Andrew Byfield

The botanist Andrew Byfield is the co-author of Important Plant Areas in Turkey (2005). See The Guardian profile.


  • Snowdrops in the autumn sun

    From Issue 55

    With its floral spectacle, sparkling light and limitless blue skies, southwest Turkey in autumn is ‘surely God’s own country’. Last year the botanist Andrew Byfield took a nostalgic bulb-hunting trip, retracing his steps in the hills of Caria and Lycia after an absence of twenty-one years. Text and photographs by Andrew Byfield

  • The snowdrop treat

    From Issue 11

    A special harvest festival was held in May [1996] in the cedar forests of the Taurus Mountains. Conservtionists, botanists and bulb merchants from all over the world joined villagers in tiny Dumlugöze to celebrate Turkey’s first crop of cultivated snowdrop bulbs – good news for the wild ones. By Andrew Byfield

  • Where have all the flowers gone

    From Issue 3

    Exquisite bulbs, once uprooted in their millions, may be saved by a scheme to satisfy both gardeners and conservationists. Botanist Andrew Byfield reports

  • A World Beyond the Walls

    The flora of Istanbul

    From Issue 54

    Istanbul, straddling two continents and sandwiched between two seas, has a thrillingly varied flora which includes many plants seen nowhere else on the planet. Sadly, it is also critically endangered. Text and photographs by Andrew Byfield

  • Blooming Marvels

    Review: The Genus Tulipa

    From Issue 51

    Andrew Byfield reviews ‘The Genus Tulipa: Tulips of the World’ by Diana Everett, Kew Publishing 2013

  • After the Snows

    A field guide to Anatolia's crocuses

    From Issue 12

    The splash of colour provided in the first warm days of spring, or in late autumn when little else is in flower, makes crocuses universally loved by gardeners. The large gaudy flowers of the Dutch hybrid are derived from a European species, but the exquisite smaller, earlier-flowering ‘botanical’ crocuses have their origins in the exposed hill and mountain slopes of Anatolia. Andrew Byfield gives a field guide to both north and south

  • Greenbelt or Backyard?

    Istanbul: the big issue

    From Issue 21

    These are the last great heathlands of Eastern Europe, one of the world’s rarest natural habitats. Unless they receive a last-minute reprieve, they will be bulldozed out of existence. Andrew Finkel reports on the dilemma facing the planners in Istanbul

  • The Orchid Hunters

    From Issue 25

    They are a dedicated breed, but not all orchid hunters share the same agenda. Some are driven to record in minute detail the glory of Turkey’s orchid species – all 148 of them. Some are more interested in eating them. The botanist Andrew Byfield joins the quest.

  • Skulduggery among the cedars

    From Issue 16

    The story of one of Turkey’s rarest bulbs could be taken from the pages of a thriller. Andrew Byfield exposes the bulb smugglers’ dastardly deeds.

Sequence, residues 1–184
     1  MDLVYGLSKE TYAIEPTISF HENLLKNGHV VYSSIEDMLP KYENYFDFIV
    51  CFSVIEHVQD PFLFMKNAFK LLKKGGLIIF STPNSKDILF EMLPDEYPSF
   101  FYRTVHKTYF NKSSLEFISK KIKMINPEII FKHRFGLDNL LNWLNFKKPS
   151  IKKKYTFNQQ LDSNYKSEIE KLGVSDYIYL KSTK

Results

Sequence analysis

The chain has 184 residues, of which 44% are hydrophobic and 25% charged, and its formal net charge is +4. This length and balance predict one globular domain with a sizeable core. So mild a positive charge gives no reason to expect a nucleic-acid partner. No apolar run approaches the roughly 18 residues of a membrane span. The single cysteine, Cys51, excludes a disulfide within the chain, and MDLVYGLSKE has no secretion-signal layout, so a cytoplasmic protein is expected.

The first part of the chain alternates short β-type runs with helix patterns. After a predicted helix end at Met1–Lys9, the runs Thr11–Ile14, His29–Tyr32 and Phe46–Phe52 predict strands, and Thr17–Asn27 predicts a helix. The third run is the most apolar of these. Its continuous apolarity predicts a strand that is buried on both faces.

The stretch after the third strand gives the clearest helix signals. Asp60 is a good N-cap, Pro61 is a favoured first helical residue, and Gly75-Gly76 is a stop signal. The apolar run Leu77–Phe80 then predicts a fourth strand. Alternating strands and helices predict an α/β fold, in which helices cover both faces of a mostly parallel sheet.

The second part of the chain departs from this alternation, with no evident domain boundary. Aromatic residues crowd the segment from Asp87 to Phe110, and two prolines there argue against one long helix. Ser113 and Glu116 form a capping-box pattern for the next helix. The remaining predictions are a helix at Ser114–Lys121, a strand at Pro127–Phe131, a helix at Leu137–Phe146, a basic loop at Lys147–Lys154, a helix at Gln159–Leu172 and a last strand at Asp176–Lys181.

• The Primrose Path

    From Issue 15

    In the garden we may take them for granted, but in the wild, their colours make the heart sing. Andrew Byfield celebrates the vibrant beauty of Turkey’s primulas

  • Battle for the Bogs

    From Issue 14

    Anatolia’s new peat gatherers follow a rugged, self-sufficient way of life. But they are taking a toll on the rare flowers of the Turkish moors. Andrew Byfield confronts a burning issue

  • Flowers that Made Men Mad

    From Issue 13

    The truly intoxicating rhododendrons of northeast Turkey. By Andrew Byfield

  • The Land of the Flowering Penguins

    From Issue 6

    They are smelly and poisonous, and trick insects into doing their dirty work; but arums and aristolochias are among the most striking wild flowers in Turkey. The botanist Andrew Byfield tracks them down on the glaring limestone peninsulas of Marmaris and in the scruffier habitats of the high Taurus Mountains

  • Istanbul in Peril

    The Great Walls

    From Issue 7

    The Anastasian and Theodosian walls together protected the city for many years; but now this vast and beautiful network is under attack from within. Cornucopia investigates the dangers that threaten this important cultural icon and its surroundings.

  • The Autumn of the Saffron Gatherers

    From Issue 9

    Exotic, enigmatic, irresistible: saffron is the spice of kings and worth its weight in gold. Near the town of Safranbolu lie the country’s last few fields of this precious crocus. Text and photographs by Andrew Byfield.

  • A Day on Black Rock Pasture

    From Issue 42

    By whatever name it is known – whether Karataş Yayla (Black Rock Pasture) or Çağrankaya (Singing Rock) – this spur of the Kaçkars is full of drama. Andrew Byfield battled rain and fog to reach its riches

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